The sample essay on Stephen Spies deals with a framework of research-based facts, approaches and arguments concerning this theme. To see the essay’s introduction, body paragraphs and conclusion, read on.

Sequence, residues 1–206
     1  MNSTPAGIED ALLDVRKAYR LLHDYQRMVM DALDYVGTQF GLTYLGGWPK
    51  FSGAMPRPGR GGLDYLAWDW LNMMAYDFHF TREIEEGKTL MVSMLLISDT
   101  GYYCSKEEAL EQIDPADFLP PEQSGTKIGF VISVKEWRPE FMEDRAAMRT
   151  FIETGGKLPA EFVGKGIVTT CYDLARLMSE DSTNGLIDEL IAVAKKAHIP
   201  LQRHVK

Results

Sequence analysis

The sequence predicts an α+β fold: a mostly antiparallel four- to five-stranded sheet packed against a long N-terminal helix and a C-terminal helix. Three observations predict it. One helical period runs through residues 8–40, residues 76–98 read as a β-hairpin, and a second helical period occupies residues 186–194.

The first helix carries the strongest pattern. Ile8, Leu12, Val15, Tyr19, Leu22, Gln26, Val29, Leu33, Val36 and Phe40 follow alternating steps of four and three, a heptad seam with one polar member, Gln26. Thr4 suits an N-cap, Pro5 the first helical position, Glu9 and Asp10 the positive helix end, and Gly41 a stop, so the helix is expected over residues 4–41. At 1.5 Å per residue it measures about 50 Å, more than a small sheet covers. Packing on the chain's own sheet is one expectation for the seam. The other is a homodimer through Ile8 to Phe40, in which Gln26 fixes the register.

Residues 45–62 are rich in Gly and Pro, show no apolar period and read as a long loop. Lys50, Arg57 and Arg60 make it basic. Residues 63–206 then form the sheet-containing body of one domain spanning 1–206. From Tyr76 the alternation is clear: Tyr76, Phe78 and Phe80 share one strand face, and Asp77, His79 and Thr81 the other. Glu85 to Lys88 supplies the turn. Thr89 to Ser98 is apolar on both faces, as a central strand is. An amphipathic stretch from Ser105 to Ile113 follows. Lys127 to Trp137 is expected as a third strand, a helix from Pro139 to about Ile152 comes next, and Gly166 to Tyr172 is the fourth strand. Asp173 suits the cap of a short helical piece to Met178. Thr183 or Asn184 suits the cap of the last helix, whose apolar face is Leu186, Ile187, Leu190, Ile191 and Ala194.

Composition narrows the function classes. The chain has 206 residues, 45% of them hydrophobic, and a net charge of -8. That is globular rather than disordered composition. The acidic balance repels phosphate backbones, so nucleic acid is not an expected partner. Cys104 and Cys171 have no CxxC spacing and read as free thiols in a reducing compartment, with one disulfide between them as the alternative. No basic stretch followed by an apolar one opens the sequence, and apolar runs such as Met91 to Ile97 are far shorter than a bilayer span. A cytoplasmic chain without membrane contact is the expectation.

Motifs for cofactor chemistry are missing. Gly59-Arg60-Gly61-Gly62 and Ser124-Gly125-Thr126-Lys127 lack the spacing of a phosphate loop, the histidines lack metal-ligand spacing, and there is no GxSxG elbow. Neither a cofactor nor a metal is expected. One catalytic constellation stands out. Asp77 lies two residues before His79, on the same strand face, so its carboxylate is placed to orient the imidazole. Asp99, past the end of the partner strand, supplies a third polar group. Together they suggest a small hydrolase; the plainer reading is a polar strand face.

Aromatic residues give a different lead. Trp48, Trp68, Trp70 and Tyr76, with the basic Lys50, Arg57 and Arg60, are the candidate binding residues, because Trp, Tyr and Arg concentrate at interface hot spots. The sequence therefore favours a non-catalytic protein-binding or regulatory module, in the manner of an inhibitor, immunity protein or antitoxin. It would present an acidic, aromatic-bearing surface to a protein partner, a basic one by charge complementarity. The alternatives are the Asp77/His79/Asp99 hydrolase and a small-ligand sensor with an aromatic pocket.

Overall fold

The relationship between Keith and Stephen is one of the central parts of the book and provides much of the dynamism. Keith and Stephen are best friends and when Keith tells him that his mother is a “German Spy” the two of them embark on a mission to uncover her secrets. As the story progresses we see both of the characters develop and with this their relationship with each other.At the start of the book Frayn portrays a relatively harmless and normal relationship. As they follow Mrs Hayward, the “German spy”, around it seems to be a childlike fantasy. The possibility of Keith’s mother actually being a spy is fairly unbelievable and there is little suggestion of the secret that is later uncovered. Great plans for underground railways and overhead cableways are described but there is the admission that these plans of Keith’s have not been “put into effect”. On page 50 Frayn presents them as a comic duo as they try and figure out the elusive “x”. The reader can plainly work out that the “x”, which is happening “each month”, is Mrs Hayward’s period. Frayn is clearly presenting the naivety of the two children to humorous effect. Stephen tries to suggest an explanation for the mysterious ‘x’ but as he tries in vain he realises,”He’s somehow ahead of me again, and simply biding his time to tantalise me.”Keith is clearly dominant over Stephen but this is not an unusual arrangement. Stephen explains his status in the relationship in the boyhood terms of,”He was the officer corps of our two man army. I was the Other Ranks – and grateful to be so”Stephen is not bitter about the inferiority of his role because it seems natural to him. At some parts of the book Stephen even seems to think of himself as part of Keith. He talks about them as if they are a single entity: “we say nothing”; “we mustn’t let her know that we know”. This is similar to deadkidsongs by Toby Litt in which, at the start of the book, the gang of boys is portrayed as one single entity which slowly breaks apart as the book progresses. Stefan admits that Keith was one of a long line of “dominant figures” in his life and so he seems to be a naturally subservient character. In contrast Keith’s position as leader seems entirely natural because of his “intellectual and imaginative superiority and social background.To understand the nature of their relationship it is important to understand the social contrasts between them. Keith’s family is seen as the paragon of what every family should be. In contrast Stephen’s family is decidedly “unsatisfactory”. A similar situation exists in L.P Hartley’s The Go-Between where Marcus’s family is a lot richer than Leo’s and this creates a feeling of inferiority in Leo. A lot more is said about Keith’s parents than is ever said about his own. Keith’s dad punishes him and, as absurd as this may seem to the reader, Stephen sees this as the right thing for a father to do. Stephen idolises the well groomed Mrs Hayward whom his own mother, in her “faded apron” cannot compete with. Stephen feels an “admiring jealousy” at Keith’s luck for having,”A father in the Secret Service and a mother who’s a German Spy”Whereas Stephen doesn’t even have “one parent of any interest”. Unlike the “terrible connectedness” of his own semidetached house Keith’s house stands on its own. Stephen describes, in great detail, the “ethereal” qualities of Keith’s house. The smell in Keith’s toy room is a “rightful” scent; everything in Keith’s house seems “right”. Stephen’s own house has “scuffed armchairs” and a boring “savannah” of a garden. They attend separate schools and wear different uniforms, Stephen remarks that they are “colour coded for ease of reference”. Stephen acutely feels the social divide between the two families and feels a sense of “good fortune” in being associated with such a family of “heroic proportions”. Biblical allusions are present in many of Stephen’s messianic descriptions of Keith, he says,”In each case he uttered the word and the words became so”Owing to their relationship Stephen is pushed into doing things he would not necessarily do. Stephen is a weak boy and is highly dependant on Keith and this is exploited by Keith. Keith seems to be the main protagonist; he tells Stephen about his mother, he makes them look in her diary and he chooses to follow her. When they go to her study Stephen voices his reservations that her journal is “private” but Keith has no qualms about such matters and ignores his friend’s comment. Stephen does not have the strength to assert any control over Keith and thus he complies with Keith’s wishes. Stephen finds it hard to articulate himself and thus Keith provides what Stephen lacks. Keith seems to have somewhat of a moral deficit and thus his and Stephen’s relationship is a dangerous one because Stephen is easily led. He is constantly making Stephen feel inferior whether it is verbally or by a disdainful silence. Keith castigates Stephen when he discovers that he hid his face in fear of the mysterious man. Even before Keith calls him a “baby” Stephen anticipates his reaction and feel ashamed. Keith’s hypocrisy is revealed later on when he hides his face in fear. Stephen has internalised Keith’s view of him and a lot of what he does out of shame. He goes out at night to make one “heroic deed” which will cause all his “weaknesses and errors” to be “wiped away. A similar relationship exists in Litt’s deadkidsongs; Andrew’s psychopathic agenda draws the rest of “gang” into criminal activities. The full potency of Keith and Stephen’s relationship is revealed when they attack the “tramp”. Stephen seems to morph in Keith and shows a sadistic pleasure in scaring the tramp,”I can’t wait to see the comical terror on the old man’s face”Stephen is mimicking Keith’s attitude. The bullied has transformed into the bully. Stephen relishes the chance to assert authority upon what he perceives to be a lesser being. We can trace the origins of this conduct back up the chain of authority to Keith’s father.Despite Stephen’s worshipping of the Haywards there is already a rift between his perception and the readers’. He never mentions that Keith’s dad is retired and that this is the reason for him always being at home. He seems to admire the fact that Mr Hayward canes Keith and criticises his father for not doing – this seems absurd to the reader. Stephen’s perception of what is “right” has no real logical basis and this is revealed by phrases like,”Green’s the right colour for a bicycle, just as it’s the wrong one for a belt or a bus”The reader can’t help but feel sorry for Mr Wheatley who went away for a year but nobody really noticed. The extent of Stephen’s warped perceptions is gradually revealed throughout the book. Even relatively near the beginning Stephen’s belief in Keith’s intellectual superiority is called into question when Keith misspells “privet” and “secrit”. Barbara Berril tells Stephen that, “no-one likes him except you” and refers to him as “stuck-up” and “horrible.” Gradually the image Stephen provides us of a hero is eroded to expose Keith as being just a damaged little boy. Keith’s cruelty culminates in his attack on Stephen. Keith attacks him with his own “bayonet” in an imitation of his father’s violence.Keith attacks Stephen because he thinks that Stephen has broken their “oath”. There is a very ritualistic element to their friendship which Keith takes very seriously. At the beginning Keith makes Stephen swear on the “bayonet” never to “reveal anything” and, foreshadowing Keith’s attack, Keith makes him say,”So cut my throat and hope to die”This oath is another way in which Keith asserts his control over the malleable Stephen. Like many other things in the book this seemed to be just a childish game but it has dark consequences. When he thinks Stephen has broken this oath Keith feels himself losing control and cuts Stephen’s throat with the “bayonet”. Stephen realises by now that part of the reason for Keith’s actions are what is happening in his house, he says,”the crime he’s punishing in me is not mine at all, but one that’s being committed in his own house.”Keith might be perceived as a lonely and abused boy exerting dominance over Stephen as some form of self validation. From the start links are drawn between Keith and his father and as the true extent of his father’s cruelty is realised so is Keith’s. Keith goes from merely imitating his father’s “half lidded” stair and adopting affectations like “old bean” to outright violence. Keith makes no attempt to stand up for himself and says,”My heart shrivels at the sound of his father’s tone and his father’s phrase, at my own hopelessness”The relationship between these two young boys is the stimulus of the plot. Keith and Stephen both begin a “game” but find themselves flung into the dangerous adult world. Together they cross the “frontier into another country altogether”. At the end it seems to be Stephen who comes out of the ordeal the worse. The inferiority Stephen feels at the expense of Keith is what motivates him to uncover the secret. Frayn uses the relationship to present how appearances can be deceiving. At the start Frayn presents us a seemingly innocent and typical relationship. They are two boys wrapped up in their own fantasy world of German spies and conspiracy. However, the relationship transmutes and as the book progresses it becomes increasingly more dangerous.